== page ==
San Cristóbal de las Casas
San Cristóbal de las Casas owes its name to the legendary Bishop of Chiapas, Bartolomé de Las Casas, who stood up for the indigenous population in the 17th century and is still revered today as a “patron saint of the people”.
The town is picturesquely situated in the fertile high valley of Jovel, surrounded to the west and east by three thousand metre peaks. It is an important market place for the Indian population. Many of the Maya descendants now make their living by selling handicrafts to the ever-increasing number of tourists who visit the capital of the Zapatista uprisings of the 1990s.
The centre of San Cristóbal is characterised by different architectural styles: You will find baroque, plateresque and neoclassical buildings and churches side by side. San Cristóbal’s Cathedral dates from the second half of the 17th century and was restored in the last decade. It is still not the most beautiful church in the city, this title goes to Santo Domingo, with its ornamental façade it is among the most impressive Baroque buildings in the region.
The possible activities range from courses in traditional medicine to photo workshops. San Cristóbal de las Casas is also the starting point for tours to villages such as San Juan Chamula and Zinancatán and the surrounding countryside, which are ideally accompanied by local guides.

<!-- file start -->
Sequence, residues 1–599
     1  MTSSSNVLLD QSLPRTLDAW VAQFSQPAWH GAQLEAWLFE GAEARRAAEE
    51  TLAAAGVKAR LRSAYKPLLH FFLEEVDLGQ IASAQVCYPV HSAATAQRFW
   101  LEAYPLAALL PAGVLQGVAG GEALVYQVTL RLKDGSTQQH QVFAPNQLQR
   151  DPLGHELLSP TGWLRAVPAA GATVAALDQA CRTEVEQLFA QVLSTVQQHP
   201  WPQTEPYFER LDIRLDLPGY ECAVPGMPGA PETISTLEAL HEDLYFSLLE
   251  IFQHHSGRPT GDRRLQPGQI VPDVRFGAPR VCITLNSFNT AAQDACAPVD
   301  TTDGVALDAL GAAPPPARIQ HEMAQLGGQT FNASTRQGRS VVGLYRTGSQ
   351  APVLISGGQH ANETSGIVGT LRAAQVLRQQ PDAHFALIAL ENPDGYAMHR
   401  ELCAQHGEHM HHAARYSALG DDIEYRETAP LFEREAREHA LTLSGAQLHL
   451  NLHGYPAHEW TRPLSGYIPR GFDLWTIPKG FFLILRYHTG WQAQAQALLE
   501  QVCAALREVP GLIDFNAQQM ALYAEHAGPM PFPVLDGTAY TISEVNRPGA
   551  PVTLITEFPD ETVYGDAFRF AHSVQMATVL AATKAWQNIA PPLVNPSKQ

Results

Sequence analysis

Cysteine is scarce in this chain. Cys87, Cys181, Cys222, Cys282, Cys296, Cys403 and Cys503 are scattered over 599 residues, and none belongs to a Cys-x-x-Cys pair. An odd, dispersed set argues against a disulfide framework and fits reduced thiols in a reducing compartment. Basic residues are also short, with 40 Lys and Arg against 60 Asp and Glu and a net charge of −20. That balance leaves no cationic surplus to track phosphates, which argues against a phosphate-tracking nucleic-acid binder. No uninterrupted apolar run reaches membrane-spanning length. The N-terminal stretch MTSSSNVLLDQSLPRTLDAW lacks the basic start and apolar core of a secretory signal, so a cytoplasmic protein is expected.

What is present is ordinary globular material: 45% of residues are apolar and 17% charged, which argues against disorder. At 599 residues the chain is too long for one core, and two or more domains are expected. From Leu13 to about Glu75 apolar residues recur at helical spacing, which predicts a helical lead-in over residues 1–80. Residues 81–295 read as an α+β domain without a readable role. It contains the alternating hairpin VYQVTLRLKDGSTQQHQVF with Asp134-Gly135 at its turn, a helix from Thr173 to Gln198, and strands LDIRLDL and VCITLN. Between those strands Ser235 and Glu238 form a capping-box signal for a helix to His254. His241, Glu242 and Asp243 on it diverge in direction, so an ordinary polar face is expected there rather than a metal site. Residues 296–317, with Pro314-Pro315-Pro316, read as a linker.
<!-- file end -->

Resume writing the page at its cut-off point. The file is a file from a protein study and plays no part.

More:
The surrounding area
San Juan Chamula is a Tzotzil community 10 km northwest of San Cristóbal de las Casas, which has a rare autonomous status. This means that neither the military nor the regular police have access to the community, instead it has its own police force. The main attraction for visitors to San Juan is its church, whose interior smells of aromatic herbs, the smoke of copal resin and the pine needles that cover the church floor. Figures of saints are lined up along the walls of the church and decorated with mirrors against the evil eye.
Zinacantán, also a Tzotzil community, is situated just south of San Juan Chamula. The name means “place of bats” translated from the Nahuatl. The Tzotzil name “Sots’leb” has the same meaning. Laurentius (San Lorenzo) is Zinacantán’s patron saint just as John the Baptist is worshipped in San Juan Chamula. Unlike in San Juan Chamula, the church of San Lorenzo in Zinacantán has benches; there are no indigenous healers practicing inside the church. Instead, there is a distinctive floral decoration, an indication that flower cultivation plays an important role in Zinacantán. According to the indigenous tradition, the community members are obliged to pay so-called Cargos (unpaid services to the community) or Cooperaciones (a kind of local tax).
For a better understanding you should take a guided tour instead of visiting on your own (if the groups are small).